In the early 1900s, lavish theatres and movie palaces began popping up across Los Angeles. Though a large number of them have been transformed, altered or razed over the years, the city’s landscape is still dotted with several of the historic venues, many of which remain in operation and in pristine condition. While the opulent sites are not all open to the public on a daily basis, they can be viewed a number of ways, including by attending a show on-site, via the Los Angeles Conservancy’s Broadway Historic Theatre and Commercial District Walking Tour, and through the Conservancy’s Last Remaining Seats film series program. Because the theatres are regularly used for filming, you can also catch a glimpse of them onscreen. Read on for a list of ten historic venues and the productions they have appeared in.
Los Angeles is regarded as one of the top dining destinations in the country, a multicultural mecca for foodies and chefs alike. From Michelin-starred restaurants to humble street carts, Los Angeles Times restaurant critic Jonathan Gold has written about it all for more than two decades. The first food writer to win the Pulitzer Prize in criticism, Gold is the subject of a new documentary, City of Gold.
Directed by Laura Gabbert and featuring some of L.A.’s most acclaimed chefs and restaurants, City of Gold takes the audience on a journey to discover Los Angeles through the eyes of one of its foremost cultural writers and a true ambassador of the city. Read on for a guide to L.A. restaurants featured in City of Gold.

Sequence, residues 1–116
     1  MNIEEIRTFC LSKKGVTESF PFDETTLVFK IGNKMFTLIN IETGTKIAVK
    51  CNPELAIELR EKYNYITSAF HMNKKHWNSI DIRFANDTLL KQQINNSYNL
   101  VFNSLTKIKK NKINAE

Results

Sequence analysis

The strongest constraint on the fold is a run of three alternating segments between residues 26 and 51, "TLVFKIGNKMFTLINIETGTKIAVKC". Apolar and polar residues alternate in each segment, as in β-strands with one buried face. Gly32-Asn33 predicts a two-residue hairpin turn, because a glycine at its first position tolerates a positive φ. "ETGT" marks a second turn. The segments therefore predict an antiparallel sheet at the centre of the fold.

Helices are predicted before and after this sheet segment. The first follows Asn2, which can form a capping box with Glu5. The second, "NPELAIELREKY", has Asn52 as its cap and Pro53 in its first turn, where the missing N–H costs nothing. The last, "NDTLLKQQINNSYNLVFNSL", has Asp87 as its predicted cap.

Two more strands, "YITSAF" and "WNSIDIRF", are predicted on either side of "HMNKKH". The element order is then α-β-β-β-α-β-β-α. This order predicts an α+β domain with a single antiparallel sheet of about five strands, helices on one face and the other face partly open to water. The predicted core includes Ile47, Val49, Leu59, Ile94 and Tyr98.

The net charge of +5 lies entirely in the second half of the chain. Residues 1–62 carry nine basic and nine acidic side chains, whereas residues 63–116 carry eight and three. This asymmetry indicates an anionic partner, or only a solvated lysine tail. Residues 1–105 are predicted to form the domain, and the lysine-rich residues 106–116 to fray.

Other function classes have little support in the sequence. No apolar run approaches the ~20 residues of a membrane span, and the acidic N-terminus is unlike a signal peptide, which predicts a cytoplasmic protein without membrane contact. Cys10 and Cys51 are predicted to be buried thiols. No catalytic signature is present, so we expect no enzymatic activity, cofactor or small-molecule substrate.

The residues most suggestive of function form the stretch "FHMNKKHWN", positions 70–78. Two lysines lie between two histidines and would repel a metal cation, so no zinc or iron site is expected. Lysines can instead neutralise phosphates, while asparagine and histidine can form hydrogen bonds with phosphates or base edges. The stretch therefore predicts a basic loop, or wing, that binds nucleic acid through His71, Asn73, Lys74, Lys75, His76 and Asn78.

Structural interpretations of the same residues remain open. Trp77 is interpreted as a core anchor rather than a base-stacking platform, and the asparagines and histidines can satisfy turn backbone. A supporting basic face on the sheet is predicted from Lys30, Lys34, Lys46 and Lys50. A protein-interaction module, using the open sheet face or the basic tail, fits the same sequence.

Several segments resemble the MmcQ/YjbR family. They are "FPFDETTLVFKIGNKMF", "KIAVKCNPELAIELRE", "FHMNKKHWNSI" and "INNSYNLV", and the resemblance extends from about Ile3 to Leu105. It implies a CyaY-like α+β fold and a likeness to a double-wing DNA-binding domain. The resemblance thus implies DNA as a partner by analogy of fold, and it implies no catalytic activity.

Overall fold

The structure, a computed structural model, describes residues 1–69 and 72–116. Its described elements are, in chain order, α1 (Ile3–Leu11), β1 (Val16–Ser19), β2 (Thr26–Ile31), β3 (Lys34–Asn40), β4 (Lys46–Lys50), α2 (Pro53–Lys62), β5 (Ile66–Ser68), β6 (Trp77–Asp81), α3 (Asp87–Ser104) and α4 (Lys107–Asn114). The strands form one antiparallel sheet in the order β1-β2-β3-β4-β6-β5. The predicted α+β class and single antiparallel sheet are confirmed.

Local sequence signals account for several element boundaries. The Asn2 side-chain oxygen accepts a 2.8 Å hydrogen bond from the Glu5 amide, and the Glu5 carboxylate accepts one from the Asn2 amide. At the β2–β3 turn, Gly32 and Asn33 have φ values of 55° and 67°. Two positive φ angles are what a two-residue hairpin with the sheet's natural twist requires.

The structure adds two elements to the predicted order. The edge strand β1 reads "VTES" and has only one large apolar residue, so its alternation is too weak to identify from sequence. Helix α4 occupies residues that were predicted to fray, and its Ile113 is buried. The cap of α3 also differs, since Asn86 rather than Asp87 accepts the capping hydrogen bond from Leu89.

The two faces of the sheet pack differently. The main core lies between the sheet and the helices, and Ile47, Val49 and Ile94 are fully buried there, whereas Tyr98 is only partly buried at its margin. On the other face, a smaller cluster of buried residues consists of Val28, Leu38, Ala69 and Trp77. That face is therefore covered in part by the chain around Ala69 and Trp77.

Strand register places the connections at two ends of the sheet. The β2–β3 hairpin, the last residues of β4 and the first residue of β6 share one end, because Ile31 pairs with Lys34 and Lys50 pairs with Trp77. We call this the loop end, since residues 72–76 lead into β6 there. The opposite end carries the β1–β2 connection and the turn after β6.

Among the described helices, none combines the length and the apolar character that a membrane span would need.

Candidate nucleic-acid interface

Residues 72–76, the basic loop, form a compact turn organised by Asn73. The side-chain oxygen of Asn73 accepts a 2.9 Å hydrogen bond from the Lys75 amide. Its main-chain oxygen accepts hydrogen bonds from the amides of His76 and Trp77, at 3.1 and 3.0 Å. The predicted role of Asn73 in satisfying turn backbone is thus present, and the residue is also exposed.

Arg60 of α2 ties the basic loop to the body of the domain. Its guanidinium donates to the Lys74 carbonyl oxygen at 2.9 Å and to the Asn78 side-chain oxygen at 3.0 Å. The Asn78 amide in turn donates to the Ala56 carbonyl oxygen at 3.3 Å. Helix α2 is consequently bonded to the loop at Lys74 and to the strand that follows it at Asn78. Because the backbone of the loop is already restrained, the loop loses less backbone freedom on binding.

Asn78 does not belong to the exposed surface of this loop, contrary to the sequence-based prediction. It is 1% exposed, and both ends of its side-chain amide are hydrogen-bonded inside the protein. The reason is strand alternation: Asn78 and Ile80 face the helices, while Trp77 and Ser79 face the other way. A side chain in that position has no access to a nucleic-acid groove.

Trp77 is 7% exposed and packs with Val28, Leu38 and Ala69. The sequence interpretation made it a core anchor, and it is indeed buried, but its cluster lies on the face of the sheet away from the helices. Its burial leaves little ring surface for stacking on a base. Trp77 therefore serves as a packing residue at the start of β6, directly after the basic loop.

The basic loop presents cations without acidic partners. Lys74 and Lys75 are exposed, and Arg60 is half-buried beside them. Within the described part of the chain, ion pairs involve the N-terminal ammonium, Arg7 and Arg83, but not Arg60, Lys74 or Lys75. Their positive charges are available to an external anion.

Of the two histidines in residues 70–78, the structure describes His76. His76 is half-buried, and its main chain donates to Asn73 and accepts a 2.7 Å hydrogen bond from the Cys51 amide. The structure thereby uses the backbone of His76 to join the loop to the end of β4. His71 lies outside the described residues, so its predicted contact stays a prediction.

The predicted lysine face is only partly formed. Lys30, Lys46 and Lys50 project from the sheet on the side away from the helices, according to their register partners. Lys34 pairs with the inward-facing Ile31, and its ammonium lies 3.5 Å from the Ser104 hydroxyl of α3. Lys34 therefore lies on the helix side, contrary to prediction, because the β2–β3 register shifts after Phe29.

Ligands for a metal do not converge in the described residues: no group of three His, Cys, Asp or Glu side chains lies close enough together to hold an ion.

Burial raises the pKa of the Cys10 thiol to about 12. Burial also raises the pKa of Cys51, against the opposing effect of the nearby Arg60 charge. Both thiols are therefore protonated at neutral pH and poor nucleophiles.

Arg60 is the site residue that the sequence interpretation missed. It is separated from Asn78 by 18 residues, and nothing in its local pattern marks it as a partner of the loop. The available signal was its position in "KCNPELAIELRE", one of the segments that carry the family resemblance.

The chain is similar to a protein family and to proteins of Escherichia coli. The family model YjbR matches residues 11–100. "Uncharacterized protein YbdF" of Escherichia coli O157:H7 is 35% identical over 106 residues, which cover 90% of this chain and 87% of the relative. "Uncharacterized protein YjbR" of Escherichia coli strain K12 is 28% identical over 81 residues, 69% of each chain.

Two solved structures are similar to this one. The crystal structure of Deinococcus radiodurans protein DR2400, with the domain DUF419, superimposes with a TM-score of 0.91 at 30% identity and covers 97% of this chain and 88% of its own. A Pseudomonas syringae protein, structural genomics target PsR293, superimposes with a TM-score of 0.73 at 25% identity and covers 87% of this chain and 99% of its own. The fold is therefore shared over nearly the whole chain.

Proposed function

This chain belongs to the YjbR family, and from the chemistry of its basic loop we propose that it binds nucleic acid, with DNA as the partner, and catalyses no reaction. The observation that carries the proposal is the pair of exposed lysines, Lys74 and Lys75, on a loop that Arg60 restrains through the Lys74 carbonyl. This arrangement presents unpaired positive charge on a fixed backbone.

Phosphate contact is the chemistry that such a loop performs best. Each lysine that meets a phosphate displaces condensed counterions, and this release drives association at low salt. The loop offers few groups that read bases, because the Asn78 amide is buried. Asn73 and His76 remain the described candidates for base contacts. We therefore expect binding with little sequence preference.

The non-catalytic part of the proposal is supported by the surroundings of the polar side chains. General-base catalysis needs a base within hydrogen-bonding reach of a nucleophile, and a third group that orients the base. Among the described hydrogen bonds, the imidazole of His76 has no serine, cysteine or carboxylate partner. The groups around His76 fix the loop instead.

The Millennium Biltmore Hotel is flanked by West 5th Street to the north, South Olive Street to the east, South Grand Avenue to the west and the PacMutual complex to the south. The majestic arched entrance located on the Olive Street side, which initially served as the hotel’s main entry, boasts Renaissance Revival design elements, towering columns, ornate relief carvings, and tall glass doors with wrought iron detailing. Just outside these doors, Allen Bauer (Tom Hanks) learns that his new girlfriend, Madison (Daryl Hannah) is a mermaid when mad scientist Walter Kornbluth (Eugene Levy) dramatically sprays her with water in the 1984 comedy Splash. 1984 proved to be a very popular time for the Olive Street entrance. That same year, Hanks shot another scene for a different film in the exact same spot. It’s there that his character, the newly-engaged Rick Gassko, valet-parks his school bus at the beginning of the raunchfest Bachelor Party. And in Beverly Hills Cop, which also premiered in 1984, Axel Foley (Eddie Murphy) humorously orders room service delivered to Det. Billy Rosewood (Judge Reinhold) and Sgt. Taggart (John Ashton), who are parked directly across the street from the Olive Street entrance, in front of Pershing Square.
Planning on hitting the gym or a hiking trail to fulfill your New Year’s resolution? You may run into a famous face if you get in your workout at one of L.A.’s many celebrity-loved fitness spots. If you're hoping to glimpse a star while working on dropping a few pounds or gaining some muscle, check out these Los Angeles locations.
Discover Los Angeles
The world-famous Hollywood Walk of Fame features more than 2,500 terrazzo and brass stars embedded in the sidewalk along 15 blocks of Hollywood Boulevard and three blocks of Vine Street. The five-pointed stars honor the accomplishments of actors, musicians, directors, producers and others in the entertainment industry.
Los Angeles is world-famous for its year-round sunny weather. For those days when L.A. gets some much-needed rain, Angelenos and visitors alike will surely be looking for ways to keep dry. Catching a movie is one good approach to beating the rain. The following ten filming locations can also provide respite on a rainy day.
When you're in Los Angeles, you don't have to go far to go Back to the Future. You can time travel back to "Hill Valley" in 1985 and 1955, just by exploring some of L.A.'s neighborhoods. Read on and discover film locations from the iconic 1980s movie that can be found in or around Los Angeles.